“And it’s so beautiful,” interjected his wife and fellow chef, Elizabeth Ronzetti. The two, named semifinalists in the 2018 James Beard Foundation Awards’ competition for best chef in the Northeast, were on speakerphone and so in sync that they completed one another’s sentences. They described one of their favorite composed salads for high summer — thick slices of heirloom tomatoes, yellow wax beans, basil, and perhaps a piece of leftover fish or steak.
What brings it all together is their corn vinaigrette.
“Haul out your grandmother’s box grater,” said Kopels. “And grate the raw corn on the widest holes so that you get almost a corn pulp. Then pour an irresponsible amount of extra-virgin olive oil into it and add some lime juice, red pepper flakes, maybe some chives or garlic chives.”
The dressing must be used immediately or the corn will get starchy, Kopels noted. “Dress the beans, then put on top of the tomatoes with some purple or Thai basil,” said Ronzetti. It’s very satisfying and complete and all cold,” added Kopels. “We make it on our day off!”
DRESSING FOR SUCCESS
Salad dressings are a great way to hone your culinary improvisational skills. That said, here are a few tips:
• Buy high-quality oils and vinegars. I tend to prefer a mild extra-virgin olive oil over one with a strong peppery kick, but experiment with specialty oils such as walnut, pumpkinseed and grapeseed. As far as vinegars go, look for those on the lower end of the acidity scale — four to five percent (it will be printed on the label).
• In a typical vinaigrette, the proportions of oil and acid are two to three parts oil to one part vinegar. Deep-flavored greens and other salad ingredients — beets, for example — can handle a more acidic dressing better than tender lettuces can.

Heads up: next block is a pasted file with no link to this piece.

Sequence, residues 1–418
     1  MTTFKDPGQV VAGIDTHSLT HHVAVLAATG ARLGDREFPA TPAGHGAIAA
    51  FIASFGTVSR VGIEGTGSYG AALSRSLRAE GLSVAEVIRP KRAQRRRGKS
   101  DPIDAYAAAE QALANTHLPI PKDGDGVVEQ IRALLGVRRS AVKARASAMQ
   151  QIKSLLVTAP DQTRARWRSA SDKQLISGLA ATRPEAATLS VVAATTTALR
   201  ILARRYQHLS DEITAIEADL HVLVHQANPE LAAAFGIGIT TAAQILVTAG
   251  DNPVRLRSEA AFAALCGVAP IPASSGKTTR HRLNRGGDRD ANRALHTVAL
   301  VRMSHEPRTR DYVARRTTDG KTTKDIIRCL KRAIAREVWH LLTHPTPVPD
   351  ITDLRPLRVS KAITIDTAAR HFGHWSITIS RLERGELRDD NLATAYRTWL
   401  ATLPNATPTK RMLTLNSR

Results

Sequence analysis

• Adding minced shallot to a dressing lends finesse and a hint of sweetness. A little anchovy paste, Asian fish sauce, miso, or pan juices are a shortcut to depth of flavor. Buttermilk or yogurt provide tang and creaminess.
• To give a dressing more body, whisk in a teaspoon or so of Dijon mustard, mashed egg yolk or finely grated
• Dressings wilt salad greens quickly, so it’s usually best to dress them just before serving. As comedic great Fred Allen famously said, “A salad should be dressed like Dorothy Lamour — adequately but lightly.”
BETTING THE RANCH
Would the salad bar phenomenon have happened without ranch dressing? Probably not. The creamy buttermilk dressing is easy to love; in fact, it’s America’s bestselling salad topping. It was created by Steve Henson, the proprietor of the Hidden Valley dude ranch, near Santa Barbara, Calif., in the 1950s. Guests began taking it home in Mason jars, and soon Henson developed a packaged blend of dried herbs and spices for mixing with fresh buttermilk and mayonnaise. Before you could say “ka-ching!,” a multimillion-dollar business was born. Henson never copyrighted the name “ranch,” so these days,
various companies sell similarly flavored products. Clorox bought the rights to Henson’s dressing in 1972 and ever since has sold it under the Hidden Valley Ranch label.
To those who have only had store-bought bottled dressings, a homemade one like the one at left will be a revelation. It’s delicious and easy to whip up in a blender — just right, in fact, for the last weeks of summer.
(Makes about 1¾ cups)
This recipe was a staff favorite at Gourmet magazine, where
I worked for many years. It’s wonderful drizzled over fried green tomatoes, but it is excellent over ripe red ones, too, as well as salad greens. Although it is thinner than commercial versions, it still has great body and rich flavor. You may want to make extra, so guests can take some home in a Mason jar.
1 cup well-shaken buttermilk
½ cup mayonnaise
2 tablespoons mild extra-virgin olive oil
1 tablespoon fresh lemon juice
1 garlic clove, finely chopped
2 tablespoons chopped fresh chives
1 tablespoon chopped fresh flat-leaf parsley
Coarse salt and freshly ground pepper to taste
Combine all ingredients in a blender and blend until smooth. Dressing keeps, refrigerated in an airtight container, about 1 week.